Goldfinches repopulate a leafless birch and sit eating seeds. From the east, the sound of the quarry’s crusher, its breakfast of stones.
Snowflakes backlit by the sun. Unlike rain they don’t just fall; they fly. A strip of bark is draped over a birch twig like a spare tie.
After last night’s storm, all the birches and maples at the woods’ edge have lost their bright leaves, the oaks beyond still a sombre green.
The yellow is moving up from the goldenrod to the birches, tulip trees and elms. A red-bellied woodpecker’s shrill calls end in a trill.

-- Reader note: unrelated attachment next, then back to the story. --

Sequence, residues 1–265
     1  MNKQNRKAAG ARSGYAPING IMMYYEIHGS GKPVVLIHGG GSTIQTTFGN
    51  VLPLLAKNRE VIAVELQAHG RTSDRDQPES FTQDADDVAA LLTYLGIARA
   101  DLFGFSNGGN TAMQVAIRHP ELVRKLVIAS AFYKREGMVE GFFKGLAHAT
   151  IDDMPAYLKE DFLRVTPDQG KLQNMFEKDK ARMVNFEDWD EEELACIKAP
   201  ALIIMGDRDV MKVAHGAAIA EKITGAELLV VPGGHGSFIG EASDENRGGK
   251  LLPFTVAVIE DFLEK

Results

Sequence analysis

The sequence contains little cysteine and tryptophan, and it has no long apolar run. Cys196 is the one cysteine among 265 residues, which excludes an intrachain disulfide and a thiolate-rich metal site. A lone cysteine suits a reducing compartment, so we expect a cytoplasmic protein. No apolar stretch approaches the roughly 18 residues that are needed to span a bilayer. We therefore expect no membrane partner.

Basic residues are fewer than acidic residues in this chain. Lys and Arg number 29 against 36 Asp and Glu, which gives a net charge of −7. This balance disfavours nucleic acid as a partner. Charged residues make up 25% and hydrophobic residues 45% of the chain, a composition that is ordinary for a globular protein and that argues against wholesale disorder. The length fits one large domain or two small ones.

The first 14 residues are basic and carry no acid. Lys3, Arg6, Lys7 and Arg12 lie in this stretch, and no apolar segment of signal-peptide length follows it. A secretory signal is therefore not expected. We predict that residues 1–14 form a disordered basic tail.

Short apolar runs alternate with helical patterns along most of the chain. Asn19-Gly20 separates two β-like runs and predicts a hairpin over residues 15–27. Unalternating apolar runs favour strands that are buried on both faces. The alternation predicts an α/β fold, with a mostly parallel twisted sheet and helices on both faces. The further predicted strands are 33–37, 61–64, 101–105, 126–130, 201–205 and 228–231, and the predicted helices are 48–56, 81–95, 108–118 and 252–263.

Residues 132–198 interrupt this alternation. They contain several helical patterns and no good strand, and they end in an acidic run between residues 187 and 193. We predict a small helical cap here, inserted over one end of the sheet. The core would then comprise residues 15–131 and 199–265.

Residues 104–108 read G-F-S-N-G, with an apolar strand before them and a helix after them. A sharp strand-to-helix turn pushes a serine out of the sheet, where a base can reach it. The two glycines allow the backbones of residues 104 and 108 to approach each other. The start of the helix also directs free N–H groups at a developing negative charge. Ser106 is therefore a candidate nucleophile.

A dead hornet lies on her back beside my chair with her six legs folded neatly over her thorax. At the woods’ edge, a rain of yellow leaves.
A worm-eating warbler ventures out to the woods’ edge, picking caterpillars from the leaves of a birch like an oxpecker grooming a buffalo.
In a lull between showers, the sideways shimmy of birch and black cherry leaves. One of the neighbors’ hens begins to screech.
The black birches are in blossom—gray catkins dangling like understated feather boas. Nothing like the wild pear tree’s blaring white.
Breezy and warm. A tulip-tree samara helicopters past the porch. In one of the bare birches, a single katydid plays his worn rasp.
Falling birch leaves whirl and tumble through shafts of sunlight. The sine wave of a squirrel crossing the road’s ancient macadam.